Because of the stigmas and taboos around banned drugs, people worried that the drug reform community wasn’t united or visible.
Should we legalise everything?
Many people are on the same page about the urgency of drug policy reform.
But when it gets down to the nitty gritty of it, strong opinions and personal experiences come into play.
Unharm recently invited the community to debate all this – and more.
February’s community conversations saw members from the community come together to add their voice to the drug legalisation debate and help set the agenda for upcoming policy work.
First up, we wanted to know: should we legalise all drugs?
There were hard questions and honest questions. Here’s what the Community Leadership team learnt.
Aspirations for the community
These conversations always kick off with a discussion about what kind of community people want. In this round we asked people to think about a specific community – a community of people interested in drug law reform.
What we heard is that people want a brave community that is committed to the idea that all people are equal and deserve equal rights and opportunities, and effective in winning reforms.
People were concerned about the fact that, even in the drug reform movement, drug use is sometimes talked about as if it was inherently unhealthy and abnormal. They were also concerned that people are treated differently based on what drugs they use, even within the reform movement. Some people called this ‘drug apartheid.’ Because of these factors, and the stigmas and taboos around banned drugs, people worried that the drug reform community wasn’t united or visible.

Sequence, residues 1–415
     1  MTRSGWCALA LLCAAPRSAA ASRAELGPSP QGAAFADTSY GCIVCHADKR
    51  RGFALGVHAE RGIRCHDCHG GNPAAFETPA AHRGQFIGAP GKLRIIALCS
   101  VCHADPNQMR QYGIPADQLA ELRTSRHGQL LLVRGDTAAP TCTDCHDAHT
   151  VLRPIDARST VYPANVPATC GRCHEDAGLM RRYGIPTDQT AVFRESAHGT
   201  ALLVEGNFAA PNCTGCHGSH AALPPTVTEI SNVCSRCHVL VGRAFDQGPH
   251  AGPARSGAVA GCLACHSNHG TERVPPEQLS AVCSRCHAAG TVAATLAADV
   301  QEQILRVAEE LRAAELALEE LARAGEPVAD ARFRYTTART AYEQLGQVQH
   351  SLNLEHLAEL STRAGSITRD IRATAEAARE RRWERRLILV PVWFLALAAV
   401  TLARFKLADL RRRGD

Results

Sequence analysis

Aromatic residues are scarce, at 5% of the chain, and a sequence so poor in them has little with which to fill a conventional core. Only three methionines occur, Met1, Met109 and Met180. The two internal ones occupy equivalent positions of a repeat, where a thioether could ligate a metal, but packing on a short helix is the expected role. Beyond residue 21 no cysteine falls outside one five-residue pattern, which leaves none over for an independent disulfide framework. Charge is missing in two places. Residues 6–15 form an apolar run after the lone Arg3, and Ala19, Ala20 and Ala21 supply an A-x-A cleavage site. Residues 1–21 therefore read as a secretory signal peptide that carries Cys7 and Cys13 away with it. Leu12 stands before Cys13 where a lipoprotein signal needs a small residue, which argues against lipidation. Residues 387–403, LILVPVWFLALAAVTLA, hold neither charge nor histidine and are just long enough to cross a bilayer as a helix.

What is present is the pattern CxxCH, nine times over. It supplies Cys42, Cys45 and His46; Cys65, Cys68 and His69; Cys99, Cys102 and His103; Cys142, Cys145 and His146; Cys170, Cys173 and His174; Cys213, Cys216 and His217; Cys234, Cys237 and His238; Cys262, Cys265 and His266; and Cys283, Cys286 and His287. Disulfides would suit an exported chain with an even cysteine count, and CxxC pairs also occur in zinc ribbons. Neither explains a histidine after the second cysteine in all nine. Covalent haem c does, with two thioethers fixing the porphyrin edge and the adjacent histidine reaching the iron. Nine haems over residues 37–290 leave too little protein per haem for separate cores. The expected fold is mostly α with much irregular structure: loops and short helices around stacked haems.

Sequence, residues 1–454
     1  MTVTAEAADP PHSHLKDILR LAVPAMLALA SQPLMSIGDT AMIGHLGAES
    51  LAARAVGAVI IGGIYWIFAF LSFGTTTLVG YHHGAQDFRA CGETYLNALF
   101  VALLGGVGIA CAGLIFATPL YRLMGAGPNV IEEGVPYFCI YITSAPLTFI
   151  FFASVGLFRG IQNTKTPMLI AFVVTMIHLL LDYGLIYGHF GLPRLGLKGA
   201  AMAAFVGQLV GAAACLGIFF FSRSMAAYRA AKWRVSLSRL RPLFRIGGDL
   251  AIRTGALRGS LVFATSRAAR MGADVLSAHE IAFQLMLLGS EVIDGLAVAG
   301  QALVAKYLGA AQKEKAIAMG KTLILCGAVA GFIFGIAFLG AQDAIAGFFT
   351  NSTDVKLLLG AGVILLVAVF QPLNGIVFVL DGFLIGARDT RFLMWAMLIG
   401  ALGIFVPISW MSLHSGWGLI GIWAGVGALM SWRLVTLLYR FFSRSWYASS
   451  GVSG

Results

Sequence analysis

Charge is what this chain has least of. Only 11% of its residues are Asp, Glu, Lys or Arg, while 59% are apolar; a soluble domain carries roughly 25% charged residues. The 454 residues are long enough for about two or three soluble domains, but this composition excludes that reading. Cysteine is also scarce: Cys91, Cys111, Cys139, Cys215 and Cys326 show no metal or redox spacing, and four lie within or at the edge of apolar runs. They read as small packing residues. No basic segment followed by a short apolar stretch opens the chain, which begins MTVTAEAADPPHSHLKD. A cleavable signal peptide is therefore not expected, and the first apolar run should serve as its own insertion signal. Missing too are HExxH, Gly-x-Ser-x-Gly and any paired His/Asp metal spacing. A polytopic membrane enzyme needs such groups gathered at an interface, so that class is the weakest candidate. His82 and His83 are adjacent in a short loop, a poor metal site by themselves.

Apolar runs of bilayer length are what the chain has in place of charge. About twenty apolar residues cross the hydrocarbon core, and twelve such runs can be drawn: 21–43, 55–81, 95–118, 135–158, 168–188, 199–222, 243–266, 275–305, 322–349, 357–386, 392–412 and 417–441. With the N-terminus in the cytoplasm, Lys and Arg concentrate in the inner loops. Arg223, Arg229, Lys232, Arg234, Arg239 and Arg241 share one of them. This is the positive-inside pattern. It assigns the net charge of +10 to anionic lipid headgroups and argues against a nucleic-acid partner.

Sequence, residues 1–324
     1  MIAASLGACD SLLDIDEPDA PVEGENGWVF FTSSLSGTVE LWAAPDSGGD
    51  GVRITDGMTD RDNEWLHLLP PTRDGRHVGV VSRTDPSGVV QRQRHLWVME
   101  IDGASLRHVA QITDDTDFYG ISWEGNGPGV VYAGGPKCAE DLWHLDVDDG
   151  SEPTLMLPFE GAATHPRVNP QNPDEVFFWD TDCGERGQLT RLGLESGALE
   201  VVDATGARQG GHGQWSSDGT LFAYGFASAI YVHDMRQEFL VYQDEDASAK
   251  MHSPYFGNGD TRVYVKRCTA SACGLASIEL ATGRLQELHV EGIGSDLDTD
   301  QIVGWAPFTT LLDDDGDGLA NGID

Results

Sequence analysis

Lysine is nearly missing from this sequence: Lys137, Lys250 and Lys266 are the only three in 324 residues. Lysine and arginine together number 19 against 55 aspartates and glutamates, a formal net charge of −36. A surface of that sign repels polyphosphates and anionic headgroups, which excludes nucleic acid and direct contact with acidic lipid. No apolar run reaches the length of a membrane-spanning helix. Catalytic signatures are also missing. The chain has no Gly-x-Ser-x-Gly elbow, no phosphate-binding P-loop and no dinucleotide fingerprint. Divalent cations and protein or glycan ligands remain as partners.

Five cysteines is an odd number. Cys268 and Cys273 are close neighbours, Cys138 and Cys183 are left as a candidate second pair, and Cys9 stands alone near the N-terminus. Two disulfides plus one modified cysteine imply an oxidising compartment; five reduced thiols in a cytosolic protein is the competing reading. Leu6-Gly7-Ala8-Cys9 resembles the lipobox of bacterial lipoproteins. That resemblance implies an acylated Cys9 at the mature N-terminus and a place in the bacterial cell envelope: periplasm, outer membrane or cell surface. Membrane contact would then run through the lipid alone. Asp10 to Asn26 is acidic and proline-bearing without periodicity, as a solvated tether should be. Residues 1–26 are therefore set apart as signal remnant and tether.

People also talked about how difficult it is to strike a balance between acknowledging the different risks that exist with different substances, while also getting the broader community to understand and focus on other factors like poverty, discrimination and criminalisation as the main cause of problems.
At the same time, people are concerned that the drug reform movement tries to do too much at once, and gets lost in complexity, rather than focussing on the most achievable reforms.
Actions to make a difference
People wanted to see a focus on campaigns with clear, winnable targets, messages that resonate with the broader community, and spaces and support to enable people to bring their lived experience into their drug reform advocacy.
Questions people had for use were about how to get more involved, which messages work, and what resources they could share with other people to help them understand the need for reform.
The Unharm team will be using these insights to inform our strategy for the year ahead.
What do you make of what we’ve learned? Do you have ideas for how we could use what we are learning?
Please get in touch at [email protected] with the subject Community Conversations. It would be great to hear from you.